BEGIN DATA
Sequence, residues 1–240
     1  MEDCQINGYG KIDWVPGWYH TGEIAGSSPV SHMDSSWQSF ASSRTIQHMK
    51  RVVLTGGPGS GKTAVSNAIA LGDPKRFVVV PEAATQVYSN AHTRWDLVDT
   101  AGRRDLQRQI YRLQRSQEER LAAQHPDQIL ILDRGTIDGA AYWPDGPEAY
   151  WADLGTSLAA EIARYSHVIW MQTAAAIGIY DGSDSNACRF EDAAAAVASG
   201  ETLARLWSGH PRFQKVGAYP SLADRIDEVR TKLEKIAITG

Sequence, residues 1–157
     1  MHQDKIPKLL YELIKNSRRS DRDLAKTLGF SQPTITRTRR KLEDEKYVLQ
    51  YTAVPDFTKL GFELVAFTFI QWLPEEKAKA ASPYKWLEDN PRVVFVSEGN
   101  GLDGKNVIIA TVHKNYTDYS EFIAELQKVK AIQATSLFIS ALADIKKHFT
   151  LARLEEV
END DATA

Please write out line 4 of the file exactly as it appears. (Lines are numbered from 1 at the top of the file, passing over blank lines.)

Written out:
   101  AGRRDLQRQI YRLQRSQEER LAAQHPDQIL ILDRGTIDGA AYWPDGPEAY